Rural concern over draft planning policy

Rural leaders have warned that the government's draft National Planning Policy Framework could worsen the provision of affordable housing in the countryside.

Nine organisations – including the Rural Services Network – raised the issue of rural housing in a joint letter to the Sunday Times.

The letter says the Prime Minister has declared it her personal mission to fix Britain’s housing crisis – and that rural England in particular needs quality affordable homes in the right places.

“The biggest need in villages is for affordable homes to rent, without which local families on low incomes are forced to move away,” says the letter.

“However, as it stands the draft National Planning Policy Framework (NPPF) could make this situation worse.

“The draft NPPF is a broadly positive step. Indeed, its support in principle for development that helps villages to prosper has been largely welcomed by rural organisations.

“Not so welcome, however, is the Entry Level Exception Site policy contained within the draft.

“This would allow for more land outside of normal planning boundaries to be released for development — but, unlike the existing approach to exceptional development, it does not involve the community, does not recommend meeting local housing needs and does not safeguard future affordability.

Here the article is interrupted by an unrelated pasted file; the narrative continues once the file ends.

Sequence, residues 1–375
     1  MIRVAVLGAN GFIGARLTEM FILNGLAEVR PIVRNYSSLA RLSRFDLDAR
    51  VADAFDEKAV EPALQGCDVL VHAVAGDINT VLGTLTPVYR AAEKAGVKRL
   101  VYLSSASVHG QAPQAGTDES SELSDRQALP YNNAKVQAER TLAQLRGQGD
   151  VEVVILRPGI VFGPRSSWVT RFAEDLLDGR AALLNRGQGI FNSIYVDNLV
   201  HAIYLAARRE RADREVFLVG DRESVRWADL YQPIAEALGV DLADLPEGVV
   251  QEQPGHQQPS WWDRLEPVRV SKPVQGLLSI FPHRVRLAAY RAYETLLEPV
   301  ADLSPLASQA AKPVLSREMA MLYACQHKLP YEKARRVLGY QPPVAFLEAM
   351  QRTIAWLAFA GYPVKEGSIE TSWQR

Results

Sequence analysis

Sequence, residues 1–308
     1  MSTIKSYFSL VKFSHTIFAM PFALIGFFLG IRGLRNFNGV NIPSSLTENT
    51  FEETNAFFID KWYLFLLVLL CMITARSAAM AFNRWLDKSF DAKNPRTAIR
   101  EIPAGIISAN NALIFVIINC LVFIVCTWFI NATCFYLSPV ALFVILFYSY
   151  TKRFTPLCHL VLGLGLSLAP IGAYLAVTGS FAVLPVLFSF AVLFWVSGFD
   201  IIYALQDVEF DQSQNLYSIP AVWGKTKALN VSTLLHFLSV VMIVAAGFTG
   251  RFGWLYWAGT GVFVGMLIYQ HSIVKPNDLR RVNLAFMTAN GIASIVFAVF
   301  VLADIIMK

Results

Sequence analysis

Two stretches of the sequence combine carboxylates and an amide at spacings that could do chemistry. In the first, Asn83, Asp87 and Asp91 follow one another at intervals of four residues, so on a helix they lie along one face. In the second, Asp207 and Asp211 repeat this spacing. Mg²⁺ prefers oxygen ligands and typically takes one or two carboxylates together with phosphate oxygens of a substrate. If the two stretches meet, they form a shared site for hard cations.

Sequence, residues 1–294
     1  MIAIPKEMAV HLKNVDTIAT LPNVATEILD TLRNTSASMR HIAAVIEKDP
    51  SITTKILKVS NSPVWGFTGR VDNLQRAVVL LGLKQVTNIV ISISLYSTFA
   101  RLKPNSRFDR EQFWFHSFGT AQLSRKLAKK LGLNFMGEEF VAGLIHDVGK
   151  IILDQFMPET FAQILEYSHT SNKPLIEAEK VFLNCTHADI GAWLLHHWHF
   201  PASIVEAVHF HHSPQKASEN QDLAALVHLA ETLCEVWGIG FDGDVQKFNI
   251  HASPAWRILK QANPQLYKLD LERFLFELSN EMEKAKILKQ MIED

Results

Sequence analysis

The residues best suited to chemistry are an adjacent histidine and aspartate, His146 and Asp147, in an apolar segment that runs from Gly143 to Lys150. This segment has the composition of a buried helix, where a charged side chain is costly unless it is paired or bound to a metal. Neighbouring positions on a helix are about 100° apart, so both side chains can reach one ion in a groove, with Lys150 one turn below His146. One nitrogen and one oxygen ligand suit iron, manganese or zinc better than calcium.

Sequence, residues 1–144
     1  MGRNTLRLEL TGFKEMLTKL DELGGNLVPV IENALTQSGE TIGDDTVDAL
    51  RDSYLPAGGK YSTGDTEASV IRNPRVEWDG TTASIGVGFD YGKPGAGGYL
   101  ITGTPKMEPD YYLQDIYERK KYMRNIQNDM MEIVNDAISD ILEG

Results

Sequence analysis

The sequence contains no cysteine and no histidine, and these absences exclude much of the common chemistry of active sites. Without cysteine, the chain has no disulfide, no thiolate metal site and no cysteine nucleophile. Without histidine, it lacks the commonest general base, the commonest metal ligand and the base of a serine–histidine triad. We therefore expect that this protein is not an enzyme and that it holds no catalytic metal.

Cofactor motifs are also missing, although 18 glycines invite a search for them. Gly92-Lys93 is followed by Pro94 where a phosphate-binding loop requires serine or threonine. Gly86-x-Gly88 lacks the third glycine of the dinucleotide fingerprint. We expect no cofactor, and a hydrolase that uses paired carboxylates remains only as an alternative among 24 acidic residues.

“Furthermore, given that open market homes will make a significant proportion of any sites, this p olicy will increase land values — which will further undermine the delivery of affordable homes to rent.

“We urge the Government to reconsider. Existing policies, when applied well in practice, already deliver quality, affordable homes in rural England. This draft policy is a backward step.

The letter was signed by representatives of the following organisations:

  • Martin Collett, Chairman Rural Housing Alliance
  • Crispin Truman, Chief Executive, Campaign to Protect Rural England
  • Graham Biggs, Chief Executive, Rural Services Network
  • David Orr, Chief Executive, National Housing Federation
  • Richard Quallington, Executive Director, Action with Communities in Rural England
  • Catherine Harrington, Director, National CLT Network
  • Jo Lavis, Director, Rural Housing Solutions
  • Sue Chalkley, Chief Executive, Hastoe Housing Association
  • Jonathan Owen, Chief Executive, National Association of Local Councils
  • Adrian Maunders, Chief Executive, English Rural Housing Association


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